Léon Brunschvicg

Léon Brunschvicg
Born (1869-11-10)10 November 1869

Died 18 January 1944(1944-01-18) (aged 74)

Alma mater École Normale Supérieure
Spouse(s) Cécile Kahn
Era 20th-century philosophy
Region Western philosophy
School French Idealism

Critical philosophy [1]

French historical epistemology [2]
Institutions University of Paris
Thesis La Modalité du jugement (1897)
Doctoral students Gaston Bachelard
Main interests
Philosophy of mathematics

Léon Brunschvicg (French: [leɔ̃ bʁœ̃svik]; 10 November 1869 – 18 January 1944) was a French Idealist philosopher. He co-founded the Revue de métaphysique et de morale with Xavier Leon and Élie Halévy in 1893.

Life [ edit ]

He was born into a Jewish family.[4][5]

From 1895–1900 he taught at the Lycée Pierre Corneille in Rouen.[6] In 1897 he completed his thesis under the title La Modalité du jugement (The Modalities of Judgement). In 1909 he became professor of philosophy at the Sorbonne. He was married to Cécile Kahn,[7] a major campaigner for women's suffrage in France, with whom he had four children.

While at the Sorbonne, Brunschvicg was the supervisor for Simone de Beauvoir's masters thesis (on the ideas of Leibniz).

Forced to leave his position at the Sorbonne by the Nazis, Brunschvicg fled to the south of France, where he died at the age of 74. While in hiding, he wrote studies of Montaigne, Descartes, and Pascal that were printed in Switzerland. He composed a manual of philosophy dedicated to his teenage granddaughter entitled Héritage de Mots, Héritage d'Idées (Legacy of Words, Legacy of Ideas) which was published posthumously after the liberation of France. His reinterpretation of Descartes has become the foundation for a new idealism.

Brunschvicg defined philosophy as "the mind's methodical self-reflection" and gave a central role to judgement.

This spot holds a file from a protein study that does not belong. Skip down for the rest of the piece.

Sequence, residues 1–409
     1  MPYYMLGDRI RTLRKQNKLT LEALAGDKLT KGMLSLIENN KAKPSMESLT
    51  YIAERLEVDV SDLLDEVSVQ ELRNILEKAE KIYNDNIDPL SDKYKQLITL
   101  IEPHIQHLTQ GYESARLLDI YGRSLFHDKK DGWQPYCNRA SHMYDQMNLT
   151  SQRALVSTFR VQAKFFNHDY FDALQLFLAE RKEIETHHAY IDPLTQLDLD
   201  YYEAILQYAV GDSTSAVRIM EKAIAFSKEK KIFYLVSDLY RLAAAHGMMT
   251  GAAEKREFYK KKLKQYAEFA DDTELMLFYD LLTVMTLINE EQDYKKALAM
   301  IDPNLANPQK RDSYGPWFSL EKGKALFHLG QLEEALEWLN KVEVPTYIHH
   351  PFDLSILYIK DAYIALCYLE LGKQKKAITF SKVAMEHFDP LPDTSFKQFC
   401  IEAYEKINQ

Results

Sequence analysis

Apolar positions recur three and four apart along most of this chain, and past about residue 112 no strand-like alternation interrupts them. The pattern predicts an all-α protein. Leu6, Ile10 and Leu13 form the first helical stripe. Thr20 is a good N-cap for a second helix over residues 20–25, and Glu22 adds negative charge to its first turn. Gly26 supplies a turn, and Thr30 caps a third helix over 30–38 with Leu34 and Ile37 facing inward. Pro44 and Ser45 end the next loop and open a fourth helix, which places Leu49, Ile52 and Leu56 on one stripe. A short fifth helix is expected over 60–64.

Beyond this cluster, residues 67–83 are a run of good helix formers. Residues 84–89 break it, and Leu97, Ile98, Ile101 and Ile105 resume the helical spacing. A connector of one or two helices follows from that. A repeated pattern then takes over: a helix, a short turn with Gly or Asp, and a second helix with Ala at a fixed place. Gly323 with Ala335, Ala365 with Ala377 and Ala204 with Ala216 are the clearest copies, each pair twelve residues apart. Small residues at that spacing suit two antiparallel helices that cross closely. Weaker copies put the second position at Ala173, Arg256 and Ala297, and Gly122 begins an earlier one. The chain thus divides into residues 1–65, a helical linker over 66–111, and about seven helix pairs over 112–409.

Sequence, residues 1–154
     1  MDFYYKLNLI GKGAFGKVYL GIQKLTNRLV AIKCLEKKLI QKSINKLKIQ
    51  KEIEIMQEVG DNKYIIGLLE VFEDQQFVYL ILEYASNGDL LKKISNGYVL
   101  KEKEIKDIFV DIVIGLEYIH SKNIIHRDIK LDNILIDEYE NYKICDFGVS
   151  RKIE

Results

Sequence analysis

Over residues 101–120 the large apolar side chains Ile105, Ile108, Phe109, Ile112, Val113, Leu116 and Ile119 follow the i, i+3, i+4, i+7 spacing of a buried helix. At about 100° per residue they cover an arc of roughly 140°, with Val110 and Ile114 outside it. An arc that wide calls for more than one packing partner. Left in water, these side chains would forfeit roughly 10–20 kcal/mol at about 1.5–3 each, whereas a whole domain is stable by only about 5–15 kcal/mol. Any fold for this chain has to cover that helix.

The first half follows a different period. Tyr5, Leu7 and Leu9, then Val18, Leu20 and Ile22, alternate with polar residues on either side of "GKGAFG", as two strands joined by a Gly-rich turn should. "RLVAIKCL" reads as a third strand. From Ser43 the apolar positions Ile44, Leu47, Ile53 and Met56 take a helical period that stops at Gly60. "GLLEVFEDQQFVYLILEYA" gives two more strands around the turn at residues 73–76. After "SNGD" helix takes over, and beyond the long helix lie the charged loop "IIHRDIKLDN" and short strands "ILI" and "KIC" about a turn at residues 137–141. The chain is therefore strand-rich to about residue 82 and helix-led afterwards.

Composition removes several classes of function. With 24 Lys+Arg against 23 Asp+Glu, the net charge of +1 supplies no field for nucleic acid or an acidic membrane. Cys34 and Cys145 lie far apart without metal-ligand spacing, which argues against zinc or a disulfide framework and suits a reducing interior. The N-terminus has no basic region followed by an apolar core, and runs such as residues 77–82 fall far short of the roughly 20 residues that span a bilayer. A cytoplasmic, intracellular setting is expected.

The publication of Brunschvicg's oeuvre has been recently completed after unpublished materials held in Russia were returned to his family in 2001.

Works (selective list) [ edit ]

  • La Modalité du jugement, Paris, Alcan, 1897.
  • Spinoza et ses contemporains, Paris, Alcan, 1923.
  • L'idéalisme contemporain, Paris, Alcan, 1905.
  • Les étapes de la philosophie mathématique, Paris, Alcan, 1912.
  • L'expérience humaine et la causalité physique, Paris, Alcan, 1922.
  • Le progrès de la conscience dans la philosophie occidentale, Paris, Alcan, 1927.
  • La Physique au vingtième siècle, Paris, Hermann, 1939.
  • La Raison et la religion, Paris, Alcan, 1939.
  • Descartes et Pascal, lecteurs de Montaigne, Paris, La Baconnière, 1942.
  • Héritage de mots, héritage d'idées, Paris, PUF, 1945.
  • Agenda retrouvé, 1892–1942, Paris, Minuit, 1948.
  • La philosophie de l'esprit seize lecons professées en Sorbonne 1921-1922, Paris, PUF, 1949.
  • De la vraie et de la fausse conversion, Paris, PUF, 1950.
  • Écrits philosophiques I: L'Humanisme de l'occident, Descartes, Spinoza, Kant, Paris: PUF, 1951.
  • Écrits philosophiques II: L'Orientation du rationalisme, Paris: PUF, 1954.
  • Écrits philosophiques III: Science – Religion, Paris: PUF, 1958.
English translations
  • Lafrance, Jean-David: "Physics and Metaphysics" and "On the Relations of Intellectual Consciousness and Moral Consciousness" in The Philosophical Forum, 2006, Volume 37, Issue 1, pages 53–74.

Notes [ edit ]

  1. ^ Frederick Copleston, A History of Philosophy: Maine de Biran to Sartre, Paulist Press, 1975, p. 150.
  2. ^ E. Reck (ed.), The Historical Turn in Analytic Philosophy, Springer, 2016: ch. 2.1.
  3. ^ Joseph W. Dauben and Christoph J. Scriba (eds.), Writing the History of Mathematics – Its Historical Development, 2002, p. 33.
  4. ^ Susan Zuccotti, The Holocaust, the French, and the Jews, University of Nebraska Press (1999), p. 10
  5. ^ Venita Datta, Birth of a National Icon: The Literary Avant-Garde and the Origins of the Intellectual in France, SUNY Press (1999), p. 96
  6. ^ Lycée Pierre Corneille de Rouen - History
  7. ^ Visages du féminisme réformiste - C. BrunschvicgArchived 2005-10-16 at the Wayback Machine at

Further reading [ edit ]

  • René Boirel, Brunschvicg. Sa vie, son œuvre avec un exposé de sa philosophie, Paris, PUF, 1964.
  • Marcel Deschoux, La philosophie de Léon Brunschvicg, Paris, PUF, 1949.
  • Gary Gutting, French Philosophy in the Twentieth Century, Cambridge University Press, 2001.

External links [ edit ]

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